So, substituting different values for n, we get,

P(0) = 7^{0}Â â€“ 2^{0}Â = 0 Which is divisible by 5.

P(1) = 7^{1}Â â€“ 2^{1}Â = 5 Which is divisible by 5.

P(2) = 7^{2}Â â€“ 2^{2}Â = 45 Which is divisible by 5.

P(3) = 7^{3}Â â€“ 2^{3}Â = 335 Which is divisible by 5.

Let P(k) = 7^{k}Â â€“ 2^{k}Â be divisible by 5

So, we get,

â‡’Â 7^{k}Â â€“ 2^{k}Â = 5x.

Now, we also get that,

â‡’ Â P(k+1)= 7^{k+1}Â â€“ 2^{k+1}

= (5 + 2)7^{k}Â â€“ 2(2^{k})

= 5(7^{k}) + 2 (7^{k}Â â€“ 2^{k})

= 5(7^{k}) + 2 (5x) Which is divisible by 5.

â‡’Â P(k+1) is true when P(k) is true.

Therefore, by Mathematical Induction,

P(n) = 7^{n}Â â€“ 2^{n}Â is divisible by 5 is true for each natural number n.

**8. For any natural number n, x ^{n}Â â€“ y^{n}Â is divisible by x â€“ y, where x integers with x â‰ y.**

**Solution:**

According to the question,

P(n) = x^{n}Â â€“ y^{n}Â is divisible by x â€“ y, x integers with x â‰ y.

So, substituting different values for n, we get,

P(0) = x^{0}Â â€“ y^{0}Â = 0 Which is divisible by x âˆ’ y.

P(1) = x âˆ’ y Which is divisible by x âˆ’ y.

P(2) = x^{2}Â â€“ y^{2}

= (x +y)(xâˆ’y) Which is divisible by xâˆ’y.

P(3) = x^{3}Â â€“ y^{3}

= (xâˆ’y)(x^{2}+xy+y^{2}) Which is divisible by xâˆ’y.

Let P(k) = x^{k}Â â€“ y^{k}Â be divisible by x â€“ y;

So, we get,

â‡’Â x^{k}Â â€“ y^{k}Â = a(xâˆ’y).

Now, we also get that,

â‡’Â P(k+1) = x^{k+1}Â â€“ y^{k+1}

= x^{k}(xâˆ’y) + y(x^{k}âˆ’y^{k})

= x^{k}(xâˆ’y) +y a(xâˆ’y) Which is divisible by x âˆ’ y.

â‡’Â P(k+1) is true when P(k) is true.

Therefore, by Mathematical Induction,

P(n) x^{n}Â â€“ y^{n}Â is divisible by x â€“ y, where x integers with x â‰ y which is true for any natural number n.

**9. n ^{3}Â â€“ n is divisible by 6, for each natural number n â‰¥ 2.**

**Solution:**

According to the question,

P(n) = n^{3}Â â€“ n is divisible by 6.

So, substituting different values for n, we get,

P(0) = 0^{3}Â â€“ 0 = 0 Which is divisible by 6.

P(1) = 1^{3}Â â€“ 1 = 0 Which is divisible by 6.

P(2) = 2^{3}Â â€“ 2 = 6 Which is divisible by 6.

P(3) = 3^{3}Â â€“ 3 = 24 Which is divisible by 6.

Let P(k) = k^{3}Â â€“ k be divisible by 6.

So, we get,

â‡’Â k^{3}Â â€“ k = 6x.

Now, we also get that,

â‡’Â P(k+1) = (k+1)^{3}Â â€“ (k+1)

= (k+1)(k^{2}+2k+1âˆ’1)

= k^{3}Â + 3k^{2}Â + 2k

= 6x+3k(k+1) [n(n+1) is always even and divisible by 2]

= 6x + 3Ã—(2y) Which is divisible by 6, where y = k(k+1)

â‡’Â P(k+1) is true when P(k) is true.

Therefore, by Mathematical Induction,

P(n) = n^{3}Â â€“ n is divisible by 6, for each natural number n.

**10. n(n ^{2}Â + 5) is divisible by 6, for each natural number n.**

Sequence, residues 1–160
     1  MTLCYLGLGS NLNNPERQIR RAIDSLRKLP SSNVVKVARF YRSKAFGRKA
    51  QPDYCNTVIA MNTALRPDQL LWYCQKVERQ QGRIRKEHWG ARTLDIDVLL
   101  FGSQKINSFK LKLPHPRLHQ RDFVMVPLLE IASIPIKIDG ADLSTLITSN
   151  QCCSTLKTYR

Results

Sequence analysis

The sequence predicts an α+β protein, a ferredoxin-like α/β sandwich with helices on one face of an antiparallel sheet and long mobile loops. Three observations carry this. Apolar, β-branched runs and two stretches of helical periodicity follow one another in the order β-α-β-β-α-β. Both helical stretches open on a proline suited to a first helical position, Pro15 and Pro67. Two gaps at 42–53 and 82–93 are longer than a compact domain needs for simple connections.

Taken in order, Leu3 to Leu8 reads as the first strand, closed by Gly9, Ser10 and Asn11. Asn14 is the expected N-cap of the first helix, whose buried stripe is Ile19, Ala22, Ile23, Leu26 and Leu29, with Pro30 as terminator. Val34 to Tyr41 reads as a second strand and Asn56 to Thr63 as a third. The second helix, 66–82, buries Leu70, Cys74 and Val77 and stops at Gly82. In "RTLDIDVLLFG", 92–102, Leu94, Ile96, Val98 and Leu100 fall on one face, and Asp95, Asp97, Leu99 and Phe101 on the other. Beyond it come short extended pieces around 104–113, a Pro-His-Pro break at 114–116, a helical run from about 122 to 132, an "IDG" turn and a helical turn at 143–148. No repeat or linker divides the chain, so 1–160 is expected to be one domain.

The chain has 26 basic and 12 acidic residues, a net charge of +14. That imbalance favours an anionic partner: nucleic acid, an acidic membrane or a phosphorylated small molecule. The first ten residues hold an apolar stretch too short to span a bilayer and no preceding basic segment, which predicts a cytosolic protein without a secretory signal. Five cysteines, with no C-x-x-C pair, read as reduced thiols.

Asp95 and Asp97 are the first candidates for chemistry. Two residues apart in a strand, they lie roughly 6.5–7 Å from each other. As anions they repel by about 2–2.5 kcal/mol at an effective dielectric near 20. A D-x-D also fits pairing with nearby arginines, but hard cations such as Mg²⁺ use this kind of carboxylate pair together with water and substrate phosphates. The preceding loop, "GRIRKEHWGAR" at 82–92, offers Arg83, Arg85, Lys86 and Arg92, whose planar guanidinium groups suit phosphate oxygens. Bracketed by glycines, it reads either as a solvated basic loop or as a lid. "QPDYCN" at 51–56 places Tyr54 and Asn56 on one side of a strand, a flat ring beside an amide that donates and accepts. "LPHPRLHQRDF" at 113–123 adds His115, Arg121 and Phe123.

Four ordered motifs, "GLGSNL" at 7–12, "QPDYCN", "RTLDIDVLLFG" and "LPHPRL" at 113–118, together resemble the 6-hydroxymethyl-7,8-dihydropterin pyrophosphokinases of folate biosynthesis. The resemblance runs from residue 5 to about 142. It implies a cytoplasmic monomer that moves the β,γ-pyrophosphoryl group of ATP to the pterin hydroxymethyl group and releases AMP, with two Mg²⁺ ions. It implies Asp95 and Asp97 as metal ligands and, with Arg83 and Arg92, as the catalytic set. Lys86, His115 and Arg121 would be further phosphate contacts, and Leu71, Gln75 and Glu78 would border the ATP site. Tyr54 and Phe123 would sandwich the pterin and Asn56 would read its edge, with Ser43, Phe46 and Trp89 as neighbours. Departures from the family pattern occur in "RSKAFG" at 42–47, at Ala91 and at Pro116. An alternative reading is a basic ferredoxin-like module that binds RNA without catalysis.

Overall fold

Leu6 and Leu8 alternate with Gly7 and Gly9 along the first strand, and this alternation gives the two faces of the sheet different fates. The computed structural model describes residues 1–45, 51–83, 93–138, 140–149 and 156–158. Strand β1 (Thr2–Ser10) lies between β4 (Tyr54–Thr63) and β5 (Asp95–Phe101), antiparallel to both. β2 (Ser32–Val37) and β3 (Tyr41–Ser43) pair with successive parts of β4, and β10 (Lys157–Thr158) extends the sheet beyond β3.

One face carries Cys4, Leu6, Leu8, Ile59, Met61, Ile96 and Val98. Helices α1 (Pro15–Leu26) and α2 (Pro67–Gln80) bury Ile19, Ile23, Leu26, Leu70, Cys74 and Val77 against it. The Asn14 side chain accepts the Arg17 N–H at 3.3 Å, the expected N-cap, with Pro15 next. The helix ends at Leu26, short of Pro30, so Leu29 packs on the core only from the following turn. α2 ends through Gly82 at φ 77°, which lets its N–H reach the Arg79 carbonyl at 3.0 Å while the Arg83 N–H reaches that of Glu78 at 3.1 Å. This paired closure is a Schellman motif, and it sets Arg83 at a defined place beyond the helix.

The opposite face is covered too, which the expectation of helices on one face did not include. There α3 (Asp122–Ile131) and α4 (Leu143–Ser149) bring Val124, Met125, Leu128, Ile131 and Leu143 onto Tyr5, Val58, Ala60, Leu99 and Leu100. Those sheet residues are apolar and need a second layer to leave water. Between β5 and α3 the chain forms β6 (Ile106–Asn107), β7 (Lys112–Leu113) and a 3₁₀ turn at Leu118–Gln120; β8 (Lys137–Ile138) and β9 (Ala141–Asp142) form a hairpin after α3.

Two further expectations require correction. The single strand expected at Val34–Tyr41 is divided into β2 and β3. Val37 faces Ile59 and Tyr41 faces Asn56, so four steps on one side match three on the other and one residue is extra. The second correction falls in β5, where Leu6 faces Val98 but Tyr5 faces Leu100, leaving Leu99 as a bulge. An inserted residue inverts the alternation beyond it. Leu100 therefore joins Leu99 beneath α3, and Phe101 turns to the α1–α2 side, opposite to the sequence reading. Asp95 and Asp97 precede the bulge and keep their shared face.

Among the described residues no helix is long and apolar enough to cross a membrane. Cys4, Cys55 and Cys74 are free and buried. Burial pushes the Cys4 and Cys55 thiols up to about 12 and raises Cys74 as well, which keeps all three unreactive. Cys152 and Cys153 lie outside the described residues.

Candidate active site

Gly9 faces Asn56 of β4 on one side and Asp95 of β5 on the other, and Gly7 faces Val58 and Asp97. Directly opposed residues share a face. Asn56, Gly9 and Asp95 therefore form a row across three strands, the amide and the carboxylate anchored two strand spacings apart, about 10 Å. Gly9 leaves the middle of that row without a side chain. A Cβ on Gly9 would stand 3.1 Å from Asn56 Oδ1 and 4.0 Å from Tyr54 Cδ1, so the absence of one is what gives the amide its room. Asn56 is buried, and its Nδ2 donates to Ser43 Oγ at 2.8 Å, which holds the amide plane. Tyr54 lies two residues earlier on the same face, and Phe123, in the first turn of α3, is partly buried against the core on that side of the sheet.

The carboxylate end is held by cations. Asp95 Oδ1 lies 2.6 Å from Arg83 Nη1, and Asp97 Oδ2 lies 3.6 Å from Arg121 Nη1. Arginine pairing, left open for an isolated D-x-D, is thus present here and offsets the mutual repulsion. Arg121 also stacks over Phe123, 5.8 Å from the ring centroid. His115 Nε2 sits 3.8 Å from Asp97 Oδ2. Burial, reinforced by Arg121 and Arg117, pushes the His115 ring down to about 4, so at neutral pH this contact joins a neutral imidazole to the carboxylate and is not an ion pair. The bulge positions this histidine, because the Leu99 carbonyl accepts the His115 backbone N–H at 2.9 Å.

**Solution:**

According to the question,

P(n) = n(n^{2}Â + 5) is divisible by 6.

So, substituting different values for n, we get,

P(0) = 0(0^{2}Â + 5) = 0 Which is divisible by 6.

P(1) = 1(1^{2}Â + 5) = 6 Which is divisible by 6.

P(2) = 2(2^{2}Â + 5) = 18 Which is divisible by 6.

P(3) = 3(3^{2}Â + 5) = 42 Which is divisible by 6.

Let P(k) = k(k^{2}Â + 5) be divisible by 6.

So, we get,

â‡’Â k(k^{2}Â + 5) = 6x.

Now, we also get that,

â‡’Â P(k+1) = (k+1)((k+1)^{2}Â + 5) = (k+1)(k^{2}+2k+6)

= k^{3}Â + 3k^{2}Â + 8k + 6

= 6x+3k^{2}+3k+6

= 6x+3k(k+1)+6[n(n+1) is always even and divisible by 2]

= 6x + 3Ã—2y + 6 Which is divisible by 6.

â‡’Â P(k+1) is true when P(k) is true.

Therefore, by Mathematical Induction,

P(n) = n(n^{2}Â + 5) is divisible by 6, for each natural number n.

**11. n ^{2}Â < 2^{n}Â for all natural numbers n â‰¥ 5.**

**Solution:**

According to the question,

P(n) is n^{2}Â < 2^{n}Â for nâ‰¥5

Let P(k) = k^{2}Â < 2^{k}Â be true;

â‡’Â P(k+1) = (k+1)^{2}

= k^{2}Â + 2k + 1

2^{k+1}Â = 2(2^{k}) > 2k^{2}

Since,Â n^{2}Â > 2n + 1 for n â‰¥3

We get that,

k^{2}Â + 2k + 1 < 2k^{2}

â‡’Â (k+1)^{2}Â < 2^{(k+1)}

â‡’Â P(k+1) is true when P(k) is true.

Therefore, by Mathematical Induction,

P(n) = n^{2}Â < 2^{n}Â is true for all natural numbers n â‰¥ 5.

**12. 2n < (n + 2)! for all natural number n.**

**Solution:**

According to the question,

P(n) is 2n < (n + 2)!

So, substituting different values for n, we get,

P(0)Â â‡’Â 0 < 2!

P(1)Â â‡’Â 2 < 3!

P(2)Â â‡’Â 4 < 4!

P(3)Â â‡’Â 6 < 5!

Let P(k) = 2k < (k + 2)! is true;

Now, we get that,

â‡’Â P(k+1) = 2(k+1) ((k+1)+2))!

We know that,

[(k+1)+2)! = (k+3)! = (k+3)(k+2)(k+1)â€¦â€¦â€¦â€¦â€¦3Ã—2Ã—1]But, we also know that,

= 2(k+1) Ã— (k+3)(k+2)â€¦â€¦â€¦â€¦â€¦3Ã—1 > 2(k+1)

Therefore,Â 2(k+1) < ((k+1) + 2)!

â‡’Â P(k+1) is true when P(k) is true.

Therefore, by Mathematical Induction,

P(n) = 2n < (n + 2)! Is true for all natural number n.

**13. âˆšn < 1/âˆš1 + 1/âˆš2 + â€¦ 1/âˆšn,Â for all natural numbers n â‰¥ 2.**

**Solution:**

According to the question,

â‡’Â P(k+1) is true when P(k) is true.

Therefore, by Mathematical Induction,

âˆšn < 1/âˆš1 + 1/âˆš2 + â€¦ 1/âˆšn,Â for all natural numbers n â‰¥ 2

**14. 2 + 4 + 6 + â€¦+ 2n = n ^{2}Â + n for all natural numbers n.**

**Solution:**

According to the question,

P(n) is 2 + 4 + 6 + â€¦+ 2n = n^{2}Â + n.

So, substituting different values for n, we get,

P(0) = 0 = 0^{2}Â + 0 Which is true.

P(1) = 2 = 1^{2}Â + 1 Which is true.

P(2) = 2 + 4 = 2^{2}Â + 2 Which is true.

P(3) = 2 + 4 + 6 = 3^{2}Â + 2 Which is true.

Let P(k) = 2 + 4 + 6 + â€¦+ 2k = k^{2}Â + k be true;

So, we get,

â‡’Â P(k+1) is 2 + 4 + 6 + â€¦+ 2k + 2(k+1) = k^{2}Â + k + 2k +2

= (k^{2}Â + 2k +1) + (k+1)

= (k + 1)^{2}Â + (k + 1)

â‡’Â P(k+1) is true when P(k) is true.

Therefore, by Mathematical Induction,

2 + 4 + 6 + â€¦+ 2n = n^{2}Â + n is true for all natural numbers n.

**15. 1 + 2 + 2 ^{2}Â + â€¦ 2^{n}Â = 2^{n+1}Â â€“ 1 for all natural numbers n.**

**Solution:**

According to the question,

P(n) is 1 + 2 + 2^{2}Â + â€¦ 2^{n}Â = 2^{n+1}Â â€“ 1.

So, substituting different values for n, we get,

P(0) = 1 = 2^{0+1}Â âˆ’ 1 Which is true.

P(1) = 1 + 2 = 3 = 2^{1+1}Â âˆ’ 1 Which is true.

P(2) = 1 + 2 + 2^{2}Â = 7 = 2^{2+1}Â âˆ’ 1 Which is true.

P(3) = 1 + 2 + 2^{2}Â + 2^{3}Â = 15 = 2^{3+1}Â âˆ’ 1 Which is true.

Let P(k) = 1 + 2 + 2^{2}Â + â€¦ 2^{k}Â = 2^{k+1}Â â€“ 1 be true;

So, we get,

â‡’Â P(k+1) is 1 + 2 + 2^{2}Â + â€¦ 2^{k}Â + 2^{k+1}Â = 2^{k+1}Â â€“ 1 + 2^{k+1}

= 2Ã—2^{k+1}Â â€“ 1

= 2^{(k+1)+1}Â â€“ 1

â‡’Â P(k+1) is true when P(k) is true.

Therefore, by Mathematical Induction,

1 + 2 + 2^{2}Â + â€¦ 2^{n}Â = 2^{n+1}Â â€“ 1 is true for all natural numbers n.